The individual reportedly made a tea by boiling the mushrooms, filtering the mixture through a cotton swab, and then injecting it intravenously. The man soon experienced symptoms including diarrhea, nausea, lethargy, and jaundice, and he was vomiting blood. After being admitted to the hospital, it was revealed that his organs were beginning to fail.
“Tests revealed that he had both a bacterial and fungal infection in his blood, meaning that the mushrooms he injected were now literally feeding off him and growing,” the report read. “Among other treatments, he was given an intense course of antibiotics and antifungal drugs.”
A report on the case was released online in the Journal of the Academy of Consultation-Liaison Psychiatry on Monday. The paper, which has been peer-reviewed and accepted for publication, revealed that the individual recovered and is currently receiving a long-term course of antimicrobials.
Curtis McKnight, a co-author on the report and psychiatrist at St. Joseph’s Hospital and Medical Center in Arizona, claimed that there are at least two other known cases of someone injecting psychedelic mushrooms. Per Vice, a paper from 1985 outlines the case of another 30-year-old male who intravenously injected a psilocybin mushroom extract.
Gizmodo noted that McKnight and his co-authors stressed that psychedelic mushrooms are hopeful treatments for substance use disorders and depression.
“For those people, it’s important to emphasize the potential risks of these drugs and the safest ways to use them.”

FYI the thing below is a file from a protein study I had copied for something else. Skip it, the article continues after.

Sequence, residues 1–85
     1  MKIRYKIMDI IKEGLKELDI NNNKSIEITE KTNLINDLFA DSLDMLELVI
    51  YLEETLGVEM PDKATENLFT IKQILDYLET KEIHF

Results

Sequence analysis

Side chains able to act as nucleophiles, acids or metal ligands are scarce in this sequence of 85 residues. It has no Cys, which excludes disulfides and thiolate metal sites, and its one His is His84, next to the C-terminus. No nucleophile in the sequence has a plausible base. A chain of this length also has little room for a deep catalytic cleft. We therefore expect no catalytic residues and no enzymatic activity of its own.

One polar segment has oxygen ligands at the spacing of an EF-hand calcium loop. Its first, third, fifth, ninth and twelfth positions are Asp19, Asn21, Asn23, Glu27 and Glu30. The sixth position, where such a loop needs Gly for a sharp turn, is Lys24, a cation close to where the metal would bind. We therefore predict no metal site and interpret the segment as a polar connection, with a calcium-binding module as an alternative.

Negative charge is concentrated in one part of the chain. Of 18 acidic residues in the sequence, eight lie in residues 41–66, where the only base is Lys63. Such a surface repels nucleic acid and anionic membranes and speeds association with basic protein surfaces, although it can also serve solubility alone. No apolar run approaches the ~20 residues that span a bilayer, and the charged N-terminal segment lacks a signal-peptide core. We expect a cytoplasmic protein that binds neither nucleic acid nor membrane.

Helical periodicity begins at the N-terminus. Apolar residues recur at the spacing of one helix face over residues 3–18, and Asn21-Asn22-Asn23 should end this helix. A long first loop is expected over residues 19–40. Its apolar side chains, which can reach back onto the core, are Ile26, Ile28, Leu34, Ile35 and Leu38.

The person in the recent case suffered from bipolar disorder and injected the mushrooms amid a series of manic and depressive episodes, Yahoo News reported. He allegedly discovered the drug’s potential for mental health issues and decided to try it on his own.
Johns Hopkins and New York University previously found that psilocybin helped cancer patients who were experiencing depression and anxiety stemming from their diagnoses. Notably, the majority of patients examined in the small studies saw an improvement in their symptoms both immediately after treatment and in the long-term.
“The drug is not to be injected, however, which this man learned from a three-week stint in the hospital,” Yahoo News noted.
As The Inquisitr reported, some parents are using magic mushrooms and LSD to help them foster better relationships with their children. One mother claimed that microdoses of LSD helped her overcome her postpartum depression, which she said was exacerbated by her childhood trauma.